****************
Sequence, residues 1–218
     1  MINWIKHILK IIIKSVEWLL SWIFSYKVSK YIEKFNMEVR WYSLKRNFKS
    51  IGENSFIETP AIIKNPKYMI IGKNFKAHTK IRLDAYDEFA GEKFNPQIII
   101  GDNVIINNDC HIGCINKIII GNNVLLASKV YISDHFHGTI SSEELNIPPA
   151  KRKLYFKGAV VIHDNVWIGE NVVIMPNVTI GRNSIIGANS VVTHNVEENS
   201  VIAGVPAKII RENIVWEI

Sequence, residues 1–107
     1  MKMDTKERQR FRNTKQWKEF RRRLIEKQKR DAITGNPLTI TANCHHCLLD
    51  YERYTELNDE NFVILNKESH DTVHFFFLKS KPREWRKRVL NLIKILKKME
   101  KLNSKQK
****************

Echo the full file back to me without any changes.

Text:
Sequence, residues 1–218
     1  MINWIKHILK IIIKSVEWLL SWIFSYKVSK YIEKFNMEVR WYSLKRNFKS
    51  IGENSFIETP AIIKNPKYMI IGKNFKAHTK IRLDAYDEFA GEKFNPQIII
   101  GDNVIINNDC HIGCINKIII GNNVLLASKV YISDHFHGTI SSEELNIPPA
   151  KRKLYFKGAV VIHDNVWIGE NVVIMPNVTI GRNSIIGANS VVTHNVEENS
   201  VIAGVPAKII RENIVWEI

Sequence, residues 1–107
     1  MKMDTKERQR FRNTKQWKEF RRRLIEKQKR DAITGNPLTI TANCHHCLLD
    51  YERYTELNDE NFVILNKESH DTVHFFFLKS KPREWRKRVL NLIKILKKME
   101  KLNSKQK